Chris Christie Still Getting Love From NJ Voters [AUDIO]
Garden State residents continue to give Governor Chris Christie high marks for his job performance and they like where the state is heading.
That’s according to today’s Fairleigh Dickinson University-Public Mind poll of just over 900 registered New Jersey voters.
51% of registered voters give Christie their stamp of approval while 35% disapprove of the job he’s doing. More than half of all respondents (52%) say the state is moving in the right direction.
Poll director Krista Jenkins says the right track-wrong-track number, “continues to underscore Republican Governor Chris Christie’s support in a state with more Democrats than Republicans……These numbers have basically remained the same across polls conducted throughout the year. Policy battles have come and gone, new ones have emerged, and the state continues to struggle with an unemployment rate that’s greater than the national average. Yet, Governor Christie remains in good standing with a broad cross-section of registered voters.”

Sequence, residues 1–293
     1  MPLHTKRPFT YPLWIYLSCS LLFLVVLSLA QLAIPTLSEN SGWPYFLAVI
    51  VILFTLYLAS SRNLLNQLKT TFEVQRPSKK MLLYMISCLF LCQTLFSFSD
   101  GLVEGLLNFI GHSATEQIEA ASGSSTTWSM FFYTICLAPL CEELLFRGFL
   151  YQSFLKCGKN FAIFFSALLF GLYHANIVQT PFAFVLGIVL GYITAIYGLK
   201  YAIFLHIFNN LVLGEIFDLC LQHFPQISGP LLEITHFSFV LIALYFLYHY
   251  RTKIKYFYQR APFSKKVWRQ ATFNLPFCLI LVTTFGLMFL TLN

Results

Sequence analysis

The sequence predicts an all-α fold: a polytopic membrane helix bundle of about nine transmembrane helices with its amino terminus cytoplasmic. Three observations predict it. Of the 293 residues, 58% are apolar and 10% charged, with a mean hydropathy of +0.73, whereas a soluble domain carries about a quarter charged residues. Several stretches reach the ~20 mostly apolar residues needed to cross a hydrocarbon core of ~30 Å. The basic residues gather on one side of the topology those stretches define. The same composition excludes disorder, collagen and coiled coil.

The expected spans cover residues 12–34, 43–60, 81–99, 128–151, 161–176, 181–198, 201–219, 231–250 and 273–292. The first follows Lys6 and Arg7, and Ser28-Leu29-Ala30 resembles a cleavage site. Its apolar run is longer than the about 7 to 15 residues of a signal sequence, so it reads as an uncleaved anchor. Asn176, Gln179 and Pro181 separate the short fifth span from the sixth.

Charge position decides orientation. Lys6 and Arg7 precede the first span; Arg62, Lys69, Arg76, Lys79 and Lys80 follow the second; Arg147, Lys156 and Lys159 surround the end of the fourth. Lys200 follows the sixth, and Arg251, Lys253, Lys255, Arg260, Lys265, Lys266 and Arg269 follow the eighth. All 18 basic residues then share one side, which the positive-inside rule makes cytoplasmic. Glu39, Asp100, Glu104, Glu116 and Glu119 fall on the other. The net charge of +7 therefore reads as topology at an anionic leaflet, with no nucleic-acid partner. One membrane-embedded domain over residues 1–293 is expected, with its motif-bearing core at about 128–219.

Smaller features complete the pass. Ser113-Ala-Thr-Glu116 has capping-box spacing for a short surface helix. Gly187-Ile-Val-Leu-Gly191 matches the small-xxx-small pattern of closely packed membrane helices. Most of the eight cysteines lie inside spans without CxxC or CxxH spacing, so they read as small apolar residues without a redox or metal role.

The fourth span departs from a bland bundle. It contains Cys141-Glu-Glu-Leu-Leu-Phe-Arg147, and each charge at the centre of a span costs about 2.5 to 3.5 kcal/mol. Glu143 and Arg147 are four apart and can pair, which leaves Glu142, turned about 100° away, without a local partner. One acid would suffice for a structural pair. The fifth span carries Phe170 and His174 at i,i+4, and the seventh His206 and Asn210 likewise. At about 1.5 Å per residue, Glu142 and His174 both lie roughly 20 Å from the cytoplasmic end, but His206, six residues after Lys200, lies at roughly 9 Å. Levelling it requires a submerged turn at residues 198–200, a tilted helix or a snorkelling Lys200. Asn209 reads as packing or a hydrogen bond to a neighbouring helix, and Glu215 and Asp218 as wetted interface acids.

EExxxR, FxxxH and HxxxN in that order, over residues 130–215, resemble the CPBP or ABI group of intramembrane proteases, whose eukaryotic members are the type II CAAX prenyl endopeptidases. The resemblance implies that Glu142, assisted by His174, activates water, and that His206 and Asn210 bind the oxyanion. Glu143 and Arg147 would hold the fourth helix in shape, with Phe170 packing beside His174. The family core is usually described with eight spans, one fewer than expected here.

The survey also reveals a healthy degree of support for Christie from Independent and Democratic constituents. A majority of independents, who will be important to him should he seek re-election next year, approve of the job he’s doing (55%) and believe the state is on the right track (54%). A sizable number of Democrats give him high marks across both measures as well (28% and 32%, respectively).
“These numbers underscore his broad base of support among political allies and potential foes alike,” explains Jenkins. “They also are what distinguish him from his peers in statehouses around the country who struggle with an ability to connect across party lines and yet face similar challenges as New Jersey. Should Governor Christie seek re-election, his campaign will begin from a place that those in similar positions will envy.”
The statewide poll of 901 registered voters was conducted by telephone with both landlines and cell phones from September 6, 2012 through September 12, 2012, and has a margin of error of +/-3.3 percentage points.